David Bowie performs his final concert as Ziggy Stardust at the Hammersmith Odeon, London. The concert later became known as the Retirement Gig.   (Photo by Steve Wood/Getty Images)

David Bowie performs his final concert as Ziggy Stardust at the Hammersmith Odeon, London. The concert later became known as the Retirement Gig. (Photo by Steve Wood/Getty Images)

Garson, who has since worked with obvious Bowie descendants like Duran Duran, Trent Reznor, the Smashing Pumpkins, and St. Vincent, went on to play in “13 different bands over four decades” with Bowie. “I was the only one he kept [from the Spiders from Mars], but it wasn’t because we were friends — which we were — but because I was able to change styles with him,” he explains. “I could play with the Spiders and play English rock, but I could also play gospel stuff with Luther Vandross on Young Americans. The things that I had studied prior to meeting David, which was so much music — pop, fusion, country, jazz — David had the ‘casting director’ skills and gifts to pull them out of my head. It wasn’t me as much as it was his genius, you know? And I always played the piano the way I thought he would play, if he could play as well as me. I played through his head. And I think that was what kept me in there so long. … David loved the fact that I could make his songs sound bigger and better in a way that resonated with him. His songs were great without me, but he was very open to wanting the whipped cream on the musical cake. I would try things thinking, ‘He’s not going to like this,’ but there was nothing that I could play that didn’t put a smile on his face. So, that really bonded us. Even though our worlds were different, the music and the creative process was very similar.”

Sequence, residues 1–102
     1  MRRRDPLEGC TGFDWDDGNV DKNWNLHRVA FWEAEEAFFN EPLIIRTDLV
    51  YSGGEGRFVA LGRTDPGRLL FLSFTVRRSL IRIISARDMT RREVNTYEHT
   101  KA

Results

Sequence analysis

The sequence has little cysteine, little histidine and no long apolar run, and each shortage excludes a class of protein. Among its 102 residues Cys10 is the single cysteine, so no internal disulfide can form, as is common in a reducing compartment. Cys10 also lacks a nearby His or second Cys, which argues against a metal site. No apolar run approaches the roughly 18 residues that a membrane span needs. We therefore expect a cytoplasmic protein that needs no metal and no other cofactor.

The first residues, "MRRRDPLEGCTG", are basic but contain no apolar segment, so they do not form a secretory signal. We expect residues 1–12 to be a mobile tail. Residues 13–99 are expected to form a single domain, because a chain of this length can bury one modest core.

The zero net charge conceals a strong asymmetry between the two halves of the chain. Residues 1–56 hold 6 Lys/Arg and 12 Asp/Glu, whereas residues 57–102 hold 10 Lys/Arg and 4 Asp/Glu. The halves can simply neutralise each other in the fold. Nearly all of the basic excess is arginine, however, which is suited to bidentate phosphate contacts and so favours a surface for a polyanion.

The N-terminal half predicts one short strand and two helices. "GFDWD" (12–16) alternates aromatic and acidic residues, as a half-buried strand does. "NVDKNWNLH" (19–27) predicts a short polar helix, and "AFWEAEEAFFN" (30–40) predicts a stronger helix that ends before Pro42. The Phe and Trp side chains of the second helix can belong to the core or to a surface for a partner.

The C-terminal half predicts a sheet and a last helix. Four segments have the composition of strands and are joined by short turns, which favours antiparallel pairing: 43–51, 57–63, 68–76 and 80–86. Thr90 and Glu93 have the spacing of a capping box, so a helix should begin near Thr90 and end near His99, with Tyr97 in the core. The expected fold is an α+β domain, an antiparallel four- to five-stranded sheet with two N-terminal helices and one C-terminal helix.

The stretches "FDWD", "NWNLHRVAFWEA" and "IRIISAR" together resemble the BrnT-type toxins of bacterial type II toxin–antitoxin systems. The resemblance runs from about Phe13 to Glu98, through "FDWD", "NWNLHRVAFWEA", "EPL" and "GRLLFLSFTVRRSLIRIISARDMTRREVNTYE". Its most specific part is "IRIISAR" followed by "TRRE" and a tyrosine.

Mike Garson warms up prior to his performance with 'Celebrating David Bowie' in 2018.  (Photo: Chris McKay/Getty Images)

Mike Garson warms up prior to his performance with ‘Celebrating David Bowie’ in 2018. (Photo: Chris McKay/Getty Images)

While the Spider from Mars’ era was short-lived, it remains iconic, and now D.A. Pennebaker’s film of their final concert has been digitally restored with remastered audio by the renowned director’s son, Frazer Pennebaker. The new edition of Ziggy Stardust and the Spiders from Mars: The Motion Picture, which will screen at roughly 1,000 cinemas worldwide this week, also includes a previously unseen performance “Round and Round” with a special guest, the late Jeff Beck. “Jeff Beck came onstage and sat in with us, and it was great, but Jeff never let the footage out because he didn’t like his shoes or something,” Garson chuckles. The concert film, which was not widely seen for more than a decade, documents a moment that — despite everything Bowie went on to do, with and without Garson, over the ensuing 50 years — remains one of the rock star’s most defining achievements.

“There are certain things where all the coordinates come together; they just meet, and it’s magical,” muses Garson. “Mick’s guitar-playing, my piano playing, David’s voice, Woody [Woodmansey’s] drums, Trevor [Bolder’s] bass — the whole composite aspect of it was meant to be. There are a lot of albums that David did, and a lot of great performances, but the Ziggy world is what he’s going to be most known for. It was bigger than all of us.”